But the tried-and-true Camry hybrid ties for second place on U.S. News’s list of the best hybrid cars, and it scored higher than any other hybrid on Consumer Reports’ 2021 study of hybrid cars. Comfort and performance take the Camry to the top of the list, and its more practical styling keep costs lower than the nearly-luxury Avalon. 

Best used Toyota hybrid: Toyota Prius

One way to reduce the high upfront costs associated with buying a hybrid car is to buy used. While you’d be safe buying just about any Toyota hybrid used, your best option is the classic:
a used Prius
If you’re buying used, avoid the 2008, 2009, and 2010 model years. Malfunctioning headlights and excess oil consumption, particularly in the ill-fated 2010 redesign year, make these used Priuses riskier buys. But any Prius from 2000 to 2003, as well as most model years after2013, are solid choices, with the 2017 Toyota Prius standing out from the pack. 

Best Toyota PHEV: Toyota RAV4 Prime

If you’re itching to dip your toes into the world of electric vehicles but aren’t ready to take the plunge with a fully electric BEV, the Toyota RAV4 Prime might be the perfect compromise. Powerful performance, a 42-mile range for electric-only driving, and the appealing practicality of RAV4 styling all make the RAV4 Prime a serious competitor in the PHEV market. 

Are Toyota hybrids worth it? 

Let’s break down what makes Toyota hybrids so good. 


The generations of research and testing that perfected the Prius have led to Toyota’s Hybrid Synergy Drive®, which powers every Toyota hybrid and delivers performance comparable to the make’s gas-powered cars.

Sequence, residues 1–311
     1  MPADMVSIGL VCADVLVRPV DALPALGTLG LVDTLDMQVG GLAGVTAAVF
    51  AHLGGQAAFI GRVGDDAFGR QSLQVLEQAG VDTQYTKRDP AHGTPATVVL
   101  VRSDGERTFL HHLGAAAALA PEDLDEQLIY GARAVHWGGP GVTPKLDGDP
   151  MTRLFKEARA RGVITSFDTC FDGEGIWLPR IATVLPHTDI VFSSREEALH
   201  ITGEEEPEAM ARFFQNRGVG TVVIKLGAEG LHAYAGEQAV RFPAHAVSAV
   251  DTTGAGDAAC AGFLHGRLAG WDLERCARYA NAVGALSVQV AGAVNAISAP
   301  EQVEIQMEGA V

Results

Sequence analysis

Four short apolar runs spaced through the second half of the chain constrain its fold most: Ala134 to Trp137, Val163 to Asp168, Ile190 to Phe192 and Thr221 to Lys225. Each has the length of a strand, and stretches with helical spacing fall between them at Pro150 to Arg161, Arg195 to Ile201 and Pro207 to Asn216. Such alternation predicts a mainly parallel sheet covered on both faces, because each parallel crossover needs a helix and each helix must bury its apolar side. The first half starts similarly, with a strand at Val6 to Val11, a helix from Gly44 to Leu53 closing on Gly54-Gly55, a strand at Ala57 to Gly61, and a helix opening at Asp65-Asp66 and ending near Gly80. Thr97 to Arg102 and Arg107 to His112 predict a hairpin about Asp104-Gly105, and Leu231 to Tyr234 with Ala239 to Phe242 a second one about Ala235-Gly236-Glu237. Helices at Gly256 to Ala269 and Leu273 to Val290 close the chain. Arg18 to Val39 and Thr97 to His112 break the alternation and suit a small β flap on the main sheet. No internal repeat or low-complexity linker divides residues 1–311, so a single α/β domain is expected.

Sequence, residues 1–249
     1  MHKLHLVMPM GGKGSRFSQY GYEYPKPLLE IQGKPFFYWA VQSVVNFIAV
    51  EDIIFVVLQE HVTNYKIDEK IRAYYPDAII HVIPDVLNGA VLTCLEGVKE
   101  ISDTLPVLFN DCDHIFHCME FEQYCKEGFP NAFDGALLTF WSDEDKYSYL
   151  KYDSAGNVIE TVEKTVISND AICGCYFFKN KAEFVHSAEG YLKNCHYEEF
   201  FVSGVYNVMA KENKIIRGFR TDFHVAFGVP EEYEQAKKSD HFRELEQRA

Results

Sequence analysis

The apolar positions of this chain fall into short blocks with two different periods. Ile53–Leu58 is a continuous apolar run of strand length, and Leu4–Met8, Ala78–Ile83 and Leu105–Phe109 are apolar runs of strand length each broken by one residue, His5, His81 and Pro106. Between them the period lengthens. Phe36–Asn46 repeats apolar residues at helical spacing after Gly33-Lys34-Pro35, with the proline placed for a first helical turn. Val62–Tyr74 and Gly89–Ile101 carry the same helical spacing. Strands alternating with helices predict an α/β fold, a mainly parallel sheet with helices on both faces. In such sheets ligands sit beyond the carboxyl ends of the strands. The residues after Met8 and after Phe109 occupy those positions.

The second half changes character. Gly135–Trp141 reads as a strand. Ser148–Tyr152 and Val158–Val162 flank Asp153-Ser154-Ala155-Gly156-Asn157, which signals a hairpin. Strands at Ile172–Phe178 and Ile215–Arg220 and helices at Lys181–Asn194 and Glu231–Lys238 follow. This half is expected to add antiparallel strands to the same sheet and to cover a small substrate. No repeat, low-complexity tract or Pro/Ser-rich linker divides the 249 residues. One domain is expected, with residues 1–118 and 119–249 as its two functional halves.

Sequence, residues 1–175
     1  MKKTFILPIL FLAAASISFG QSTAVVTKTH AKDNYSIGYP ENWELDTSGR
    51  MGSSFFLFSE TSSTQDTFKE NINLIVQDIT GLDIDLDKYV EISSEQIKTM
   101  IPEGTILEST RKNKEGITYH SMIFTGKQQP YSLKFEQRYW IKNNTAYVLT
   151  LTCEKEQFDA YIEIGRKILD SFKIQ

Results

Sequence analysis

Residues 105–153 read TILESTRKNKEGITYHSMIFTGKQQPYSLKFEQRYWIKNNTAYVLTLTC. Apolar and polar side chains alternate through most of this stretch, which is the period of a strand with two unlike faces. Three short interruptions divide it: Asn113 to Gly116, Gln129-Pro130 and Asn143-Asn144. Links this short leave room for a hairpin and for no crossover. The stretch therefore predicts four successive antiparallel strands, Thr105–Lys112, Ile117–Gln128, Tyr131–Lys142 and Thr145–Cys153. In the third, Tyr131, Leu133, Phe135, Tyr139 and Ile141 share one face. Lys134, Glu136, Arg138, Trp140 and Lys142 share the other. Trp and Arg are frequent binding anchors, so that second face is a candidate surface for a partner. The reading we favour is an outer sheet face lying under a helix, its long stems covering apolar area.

High speeds are a struggle for some Toyota hybrids, like the Sienna, but let’s be real—nobody’s buying a minivan to do the quarter-mile in record time. The RAV4 Prime, on the other hand, is just about the fastest Toyota you can buy. Its 5.4-second 0-to-60 time beats Toyota’s GR86 sports car and can only be beaten by the Supra—which is essentially a BMW with the Toyota nameplate. 
The bottom line? You’re not going to lose out on performance by opting for the hybrid version of any Toyota: in fact, you’ll be buying into a shining legacy of hybrid engineering. 


The Prius and Venza, Toyota’s two hybrid-only models, both get 4/5 ratings from RepairPal, making them above average for reliability, while the plug-in Prius Prime gets an excellent 4.5 out of 5! In fact, a 2020 study by discovered that Toyota’s hybrids are some of the longest-lasting vehicles out there, with sky-high value retention

Cost of ownership

Even with Toyota’s great performance and reliability specs in mind, that higher ticket price might be hard to get past. But how do Toyota hybrid models compare to gas-powered Toyotas when it comes to the overall cost of ownership? 
Let’s look at the Corolla, which consistently hits the top of Toyota’s sales figures. The starting MSRP for a 2022 Corolla LE sedan is $21,550, but Edmunds calculates the five-year cost of ownership as $27,142. That includes: 
  • Insurance: $4,799
  • Maintenance: $3,280
  • Repairs: $618
  • Financing: $1,720
  • Taxes and fees: $2,083
  • Fuel: $8,382
  • Depreciation: $6,260
By contrast, the five-year cost to own a 2022 Corolla LE Hybrid sedan is just $26,305—even though the starting MSRP is over $3,000 higher at $24,675
What makes the difference? Fuel costs, of course. While most of the costs of ownership, like insurance and maintenance, are slightly higher for the hybrid model, buying a hybrid Corolla slashes fuel costs by $3,077 over five years. 
If you own a hybrid Toyota, you may also be eligible for insurance discounts. Buying a new Prius Prime or RAV4 Prime could even earn you
federal tax credits up to $7,500

How to get sustainable rates on car insurance

Buying a Toyota hybrid is one way to lower your car-related expenses (while being kind to the planet!). Shopping for car insurance with
is another. 
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The federal government offers
tax credits
to consumers who buy new Toyota electric or plug-in hybrid electric vehicles (PHEVs). You could earn up to $7,500 in tax credits just for purchasing one of these vehicles!
The cost to replace the battery in one of Toyota’s hybrid models ranges from $2,000 to $8,000 depending on the model, the exact replacement needed, and where the service is done.